You can know in real time where space probes are in the Solar System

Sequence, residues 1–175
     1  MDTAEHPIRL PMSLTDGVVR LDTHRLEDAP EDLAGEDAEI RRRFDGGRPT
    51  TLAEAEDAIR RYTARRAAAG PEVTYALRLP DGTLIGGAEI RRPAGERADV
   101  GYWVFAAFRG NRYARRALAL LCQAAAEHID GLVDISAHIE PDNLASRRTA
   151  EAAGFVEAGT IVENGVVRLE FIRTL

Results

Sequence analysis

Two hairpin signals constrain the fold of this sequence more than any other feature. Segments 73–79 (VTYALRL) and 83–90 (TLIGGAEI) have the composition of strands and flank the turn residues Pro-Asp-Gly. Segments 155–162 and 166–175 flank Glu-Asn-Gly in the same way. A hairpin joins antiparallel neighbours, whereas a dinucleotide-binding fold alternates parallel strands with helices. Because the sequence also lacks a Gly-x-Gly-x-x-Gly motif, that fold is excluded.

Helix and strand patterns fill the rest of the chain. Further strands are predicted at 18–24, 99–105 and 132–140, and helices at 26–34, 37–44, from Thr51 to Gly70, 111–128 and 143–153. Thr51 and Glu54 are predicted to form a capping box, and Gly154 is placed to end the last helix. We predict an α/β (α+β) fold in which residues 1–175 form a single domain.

Thanks to NASA, you can navigate the Solar System and see in real time where various interesting objects are located, such as asteroids, planets and comets, but also space probes. It is the object built by humanity that is farthest from Earth. Voyager 1 is now more than 23 billion kilometers away. It is a considerable distance that is the result of a long journey of 44 years. And the same thing happens with Voyager 2. So much so that they are in the process of leaving the Solar System, fleeing the influence of the Sun. But the Solar System turns out to be populated by many other space probes, which are not that far away, though. Also, where exactly are they? To find out, the American Space Agency (NASA) has a very practical site to visualize the position of these machines in real time. And also to observe the of all kinds of interesting objects. The solar system. Yes, it is not climbing and distances are not respected. // Source: Nino Barbey for Numerama This site is called JPL Eyes. With it, it is possible to track NASA probes, asteroids and even all the planets that make up the solar system. Obviously we have Pluto, although its status is a matter of debate among planetary scientists and astronomers: it lost its status in 2006 to be reclassified as a dwarf planet. The site is decidedly public-facing, a way for NASA to bring space news to as many people as possible. There are other initiatives of this type: we can cite his retro mini game, Roman Space Observer, to hunt for exoplanets, supernovae, black holes and thus share the progress of his discoveries while having fun. You can get all the information you need about NASA’s various missions // Source: EyesNasa A place to walk around the Solar System JPL Eyes provides a visualization of the Solar System, giving you the ability to follow a wide variety of probes, planets, comets and asteroids. Please note, however, that the site is only accessible in English. You can move back or zoom in with the mouse wheel, but also change the orientation of the camera with the mouse pointer or keyboard. If you click on an item on the map, whether it’s a probe or an object, you can open a little ID card that tells you: for example, when the probe was launched, what type is it? is oriented etc. You can even make comparisons with other probes to gauge the gear dimensions a bit. The comparison tool allows you to measure the size of one probe compared to another. // Source: screenshot Note that this also works with planets and other interesting bodies in the Solar System. It’s a good way to remember, for example, the giganticness of the Sun compared to the worlds that revolve around the star. Or find that Venus and Earth have a similar profile. There is a search field to find something specific. If you don’t know what to look for, perhaps you could check out the DART mission, a probe that will be used to deflect an asteroid, to practice if that body ever crosses Earth’s path. Or, we suggest you check out the James Webb Telescope. He made the news with great shots of space. To go further Find all our news about a Planet
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